The Rise of Machine Learning
Two important breakthroughs led to the emergence of Machine Learning as the vehicle which is driving AI development forward with the speed it currently has.
One of these was the realization – credited to Arthur Samuel in 1959 – that rather than teaching computers everything they need to know about the world and how to carry out tasks, it might be possible to teach them to learn for themselves.
The second, more recently, was the emergence of the internet, and the huge increase in the amount of digital information being generated, stored, and made available for analysis.
Once these innovations were in place, engineers realized that rather than teaching computers and machines how to do everything, it would be far more efficient to code them to think like human beings, and then plug them into the internet to give them access to all of the information in the world.
The development of neural networks has been key to teaching computers to think and understand the world in the way we do, while retaining the innate advantages they hold over us such as speed, accuracy and lack of bias.
A Neural Network is a computer system designed to work by classifying information in the same way a human brain does. It can be taught to recognize, for example, images, and classify them according to elements they contain.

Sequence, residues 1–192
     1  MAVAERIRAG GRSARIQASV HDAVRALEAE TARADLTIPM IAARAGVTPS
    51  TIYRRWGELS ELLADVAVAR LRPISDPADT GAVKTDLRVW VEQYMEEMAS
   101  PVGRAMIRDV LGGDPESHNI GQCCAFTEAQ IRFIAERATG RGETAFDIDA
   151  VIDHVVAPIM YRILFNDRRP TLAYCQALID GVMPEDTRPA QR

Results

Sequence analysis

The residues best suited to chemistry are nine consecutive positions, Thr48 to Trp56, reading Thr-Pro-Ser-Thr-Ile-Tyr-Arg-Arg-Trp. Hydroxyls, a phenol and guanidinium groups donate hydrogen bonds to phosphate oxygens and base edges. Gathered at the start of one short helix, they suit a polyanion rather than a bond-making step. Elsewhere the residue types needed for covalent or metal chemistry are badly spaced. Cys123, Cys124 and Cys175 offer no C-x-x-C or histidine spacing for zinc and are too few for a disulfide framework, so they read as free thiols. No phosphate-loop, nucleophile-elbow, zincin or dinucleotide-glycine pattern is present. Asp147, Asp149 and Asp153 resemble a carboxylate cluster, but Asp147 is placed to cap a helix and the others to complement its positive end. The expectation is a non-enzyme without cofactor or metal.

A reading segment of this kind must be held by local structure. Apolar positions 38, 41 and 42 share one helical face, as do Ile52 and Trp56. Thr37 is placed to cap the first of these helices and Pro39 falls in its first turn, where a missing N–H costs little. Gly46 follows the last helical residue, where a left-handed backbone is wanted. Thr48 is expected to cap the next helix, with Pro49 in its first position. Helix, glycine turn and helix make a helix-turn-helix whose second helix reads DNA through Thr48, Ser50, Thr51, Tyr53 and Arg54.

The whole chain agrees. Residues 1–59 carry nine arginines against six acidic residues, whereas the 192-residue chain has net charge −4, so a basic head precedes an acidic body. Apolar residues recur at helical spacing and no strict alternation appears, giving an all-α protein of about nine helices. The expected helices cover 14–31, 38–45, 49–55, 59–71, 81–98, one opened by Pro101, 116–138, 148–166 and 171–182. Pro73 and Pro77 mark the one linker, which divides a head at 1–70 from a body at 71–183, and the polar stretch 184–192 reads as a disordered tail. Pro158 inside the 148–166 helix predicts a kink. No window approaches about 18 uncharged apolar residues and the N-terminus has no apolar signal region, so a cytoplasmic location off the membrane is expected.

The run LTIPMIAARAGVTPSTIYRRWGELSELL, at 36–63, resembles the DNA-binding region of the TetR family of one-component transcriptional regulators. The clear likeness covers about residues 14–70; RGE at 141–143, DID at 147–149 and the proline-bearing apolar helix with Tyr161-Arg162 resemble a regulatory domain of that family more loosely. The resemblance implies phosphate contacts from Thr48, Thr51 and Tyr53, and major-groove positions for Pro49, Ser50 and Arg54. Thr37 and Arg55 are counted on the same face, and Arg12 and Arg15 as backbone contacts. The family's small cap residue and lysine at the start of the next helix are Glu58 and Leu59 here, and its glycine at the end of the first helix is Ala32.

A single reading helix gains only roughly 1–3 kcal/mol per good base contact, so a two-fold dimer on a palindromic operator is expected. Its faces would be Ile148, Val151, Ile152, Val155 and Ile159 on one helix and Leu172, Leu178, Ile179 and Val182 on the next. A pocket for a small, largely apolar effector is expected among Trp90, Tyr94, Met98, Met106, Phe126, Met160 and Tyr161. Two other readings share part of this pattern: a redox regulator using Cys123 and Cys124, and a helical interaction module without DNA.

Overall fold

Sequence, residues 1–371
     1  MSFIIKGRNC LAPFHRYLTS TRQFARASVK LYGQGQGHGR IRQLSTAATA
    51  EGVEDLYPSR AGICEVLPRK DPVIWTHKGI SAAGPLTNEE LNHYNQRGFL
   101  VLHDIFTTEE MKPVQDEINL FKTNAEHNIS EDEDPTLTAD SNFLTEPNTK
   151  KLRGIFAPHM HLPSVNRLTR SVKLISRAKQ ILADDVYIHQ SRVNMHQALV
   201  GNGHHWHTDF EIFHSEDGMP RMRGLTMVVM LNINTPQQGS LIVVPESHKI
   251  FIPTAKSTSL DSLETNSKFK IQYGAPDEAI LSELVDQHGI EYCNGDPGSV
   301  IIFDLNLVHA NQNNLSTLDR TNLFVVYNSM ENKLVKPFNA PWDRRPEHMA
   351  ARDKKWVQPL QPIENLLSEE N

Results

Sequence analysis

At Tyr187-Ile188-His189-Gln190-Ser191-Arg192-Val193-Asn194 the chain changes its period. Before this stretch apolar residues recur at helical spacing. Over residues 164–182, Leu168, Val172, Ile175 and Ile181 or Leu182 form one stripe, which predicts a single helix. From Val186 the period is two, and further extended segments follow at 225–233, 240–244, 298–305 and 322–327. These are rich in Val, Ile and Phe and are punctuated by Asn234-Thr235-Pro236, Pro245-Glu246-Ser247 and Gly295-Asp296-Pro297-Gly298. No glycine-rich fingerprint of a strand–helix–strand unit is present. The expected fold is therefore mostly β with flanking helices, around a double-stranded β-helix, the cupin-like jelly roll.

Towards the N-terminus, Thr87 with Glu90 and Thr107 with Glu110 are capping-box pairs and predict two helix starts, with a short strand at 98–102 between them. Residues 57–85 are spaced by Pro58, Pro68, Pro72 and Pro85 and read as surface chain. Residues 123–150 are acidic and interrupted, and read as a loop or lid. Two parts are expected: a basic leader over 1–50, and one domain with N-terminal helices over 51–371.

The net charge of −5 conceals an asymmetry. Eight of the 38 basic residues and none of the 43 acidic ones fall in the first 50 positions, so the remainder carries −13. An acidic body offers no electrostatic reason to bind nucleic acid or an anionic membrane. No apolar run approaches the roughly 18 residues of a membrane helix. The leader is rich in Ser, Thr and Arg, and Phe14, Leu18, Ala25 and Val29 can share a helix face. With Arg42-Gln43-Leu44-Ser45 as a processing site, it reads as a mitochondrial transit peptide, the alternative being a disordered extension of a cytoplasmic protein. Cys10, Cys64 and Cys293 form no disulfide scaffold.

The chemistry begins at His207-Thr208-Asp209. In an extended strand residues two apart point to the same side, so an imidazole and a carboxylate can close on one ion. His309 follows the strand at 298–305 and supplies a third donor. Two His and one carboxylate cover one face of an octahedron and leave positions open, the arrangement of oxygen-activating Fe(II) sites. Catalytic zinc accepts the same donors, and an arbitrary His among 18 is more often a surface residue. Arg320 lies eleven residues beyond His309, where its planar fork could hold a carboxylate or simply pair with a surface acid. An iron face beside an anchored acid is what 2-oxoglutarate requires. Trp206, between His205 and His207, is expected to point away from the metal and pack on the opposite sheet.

Essentially it works on a system of probability – based on data fed to it, it is able to make statements, decisions or predictions with a degree of certainty. The addition of a feedback loop enables “learning” – by sensing or being told whether its decisions are right or wrong, it modifies the approach it takes in the future.
Machine Learning applications can read text and work out whether the person who wrote it is making a complaint or offering congratulations. They can also listen to a piece of music, decide whether it is likely to make someone happy or sad, and find other pieces of music to match the mood. In some cases, they can even compose their own music expressing the same themes, or which they know is likely to be appreciated by the admirers of the original piece.